Most pleasures of life are simple. In the brief time I lived in the quaint little craftsman at the edge of the world, some of the brightest moments included exploring the cliffs and coastline just around the corner. I have never felt healthier or happier than the times I jogged along Paseo del Mar, the street weaving around the Palos Verdes Peninsula like a hemline. After all, nothing beats inhaling deeply of fresh, salty air with the soundtrack of waves crashing against the cliffs accompanying the staccato of my feet on pavement. Most days it was like staring at a priceless Cezanne, the overwhelming burst of color and light almost too much to absorb. During moments when the beauty of the statuesque cliffs and the sentinel-like palm trees and the rich cerulean water overloaded my mind much like witnessing the revered impressionist’s work, I felt a calm bliss unrivaled at that point in my life.

There is something almost otherworldly about this place that to me, as a child, really did represent the end of the world. When I was young, my father was just starting his own carpentry business, and money was tight. On the very rare occasions when my parents weren’t working, we’d load up the family car and drive to what seemed like far-off places, where we would see real-life palaces where princes and princesses lived on a misty hill. We would circumnavigate the peninsula and roam windy side-streets at a leisurely pace, stopping to admire the errant peacock crossing the street or the lawn of the Malaga Cove Library, where my parents got married. By the time we got to the back side of the hill, I was convinced we were on the other side of the world, with Catalina in the distance like a land across a Narnian sea. The back side was wilder, with untamed cliffs and constantly shifting roads; dangerous territory where the houses were few and far between (at least they were back in the eighties, before Trump National and Terranea were even conceived of) and a sharp turn to the right would take you off into the deep blue by Point Vicente, if you weren’t careful. When the roads started smoothing out and traffic lights began appearing again, we were truly at the end of the this eight-year-old’s known world – Point Fermin, a cozy grove of trees hovering at the point like an otherworldly floating craft. The serenity of this place, combined with the tiny shingles of neighboring houses eased us back into reality. No longer were the houses fantastic castles, but now they were those of a charming fishing village, still different enough from my tract-home suburban house to seem magical, but close enough to reality to remind me that there was a reality, waiting around the side of the hills.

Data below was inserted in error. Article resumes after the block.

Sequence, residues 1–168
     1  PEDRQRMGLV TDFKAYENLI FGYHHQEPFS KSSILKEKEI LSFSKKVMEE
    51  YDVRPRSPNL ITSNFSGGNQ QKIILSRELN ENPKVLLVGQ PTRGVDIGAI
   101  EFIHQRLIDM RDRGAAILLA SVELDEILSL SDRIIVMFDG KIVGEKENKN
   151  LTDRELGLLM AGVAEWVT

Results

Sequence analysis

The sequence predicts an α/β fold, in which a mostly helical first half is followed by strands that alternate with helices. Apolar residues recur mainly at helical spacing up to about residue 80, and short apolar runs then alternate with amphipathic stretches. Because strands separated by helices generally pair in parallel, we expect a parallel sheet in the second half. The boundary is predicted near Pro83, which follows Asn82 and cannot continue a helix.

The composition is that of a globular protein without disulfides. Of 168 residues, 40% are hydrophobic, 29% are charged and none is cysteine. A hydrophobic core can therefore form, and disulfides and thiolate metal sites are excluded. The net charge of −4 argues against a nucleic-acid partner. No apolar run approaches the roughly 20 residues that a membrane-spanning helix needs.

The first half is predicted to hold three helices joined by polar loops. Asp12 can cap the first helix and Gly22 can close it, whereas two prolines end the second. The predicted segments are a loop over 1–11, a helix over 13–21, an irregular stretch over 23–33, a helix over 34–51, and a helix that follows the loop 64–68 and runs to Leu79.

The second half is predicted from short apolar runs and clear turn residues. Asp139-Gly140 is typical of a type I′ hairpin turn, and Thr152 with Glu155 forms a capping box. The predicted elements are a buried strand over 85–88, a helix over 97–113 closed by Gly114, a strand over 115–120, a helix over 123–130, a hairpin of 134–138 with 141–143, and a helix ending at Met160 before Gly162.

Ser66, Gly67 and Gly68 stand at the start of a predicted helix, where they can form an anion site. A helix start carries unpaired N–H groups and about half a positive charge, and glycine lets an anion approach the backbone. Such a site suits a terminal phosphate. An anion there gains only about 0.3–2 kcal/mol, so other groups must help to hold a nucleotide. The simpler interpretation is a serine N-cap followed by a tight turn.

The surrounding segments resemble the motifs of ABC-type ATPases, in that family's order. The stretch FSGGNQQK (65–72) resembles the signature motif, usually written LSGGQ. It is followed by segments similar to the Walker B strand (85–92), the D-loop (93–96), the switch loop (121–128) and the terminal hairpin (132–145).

I suppose these drives represented the time when anything was possible; if palaces and princesses were real, then perhaps dreams could come true. This belief took root in me like no other, and has been impossible to dislodge, even after many years of adult-real-world-cynicism and an earth-shattering recession. My generation has been bruised and battered; our hallmark optimism and, embarrassing as it is to admit, cocky sense of entitlement has vanished along with the job market and stock shares on Wall Street. But beauty is healing, and when I return to this magic place of my childhood, that realm between fantasy and reality, I see a meeting of the two worlds and the possibility that while my wildest dreams may not come true, that’s not to say that no dreams come true. My simple dream of living somewhere so beautiful, even if I’m just working part-time and renting out a room, is enough today.

– – –

That chapter of my life has ended. No longer living in that house by the sea, my life has taken on the rhythms of change and growth. While these developments are positive, I do miss the freedom to access such restorative beauty whenever I fancy. Romantic philosophers and literary theorists of the Eighteenth-century described such natural beauty as sublime, a quality that inspires greatness, embodies power. Such qualities I absorbed as my own during those times, and nothing has rivaled those moments of spiritual peace since.

I recently saw on the internet that a small chunk of Paseo del Mar had fallen into the ocean, a victim of recent heavy rains and the natural erosion of the cliff over time. While this didn’t entirely take me off guard (after all, I had also lived down the street from the Sunken City, so named for the portions of the road that had suffered a similar fate decades before), it did fill me with a sense of loss. No matter how vital such a road seems, it is not immune from the external forces of nature. Events happen in life that are out of our control. Infrastructure wears down. People fail to act accordingly and support it. The road from my naïvely youthful dreams has, in a blatant metaphor, collapsed. As far as I can tell, there are two options if we still need to get to where the road leads. We can find another road to take. Or we can forge our own trail. Either way, it gives us the chance to explore; and I love a good voyage into the unknown.


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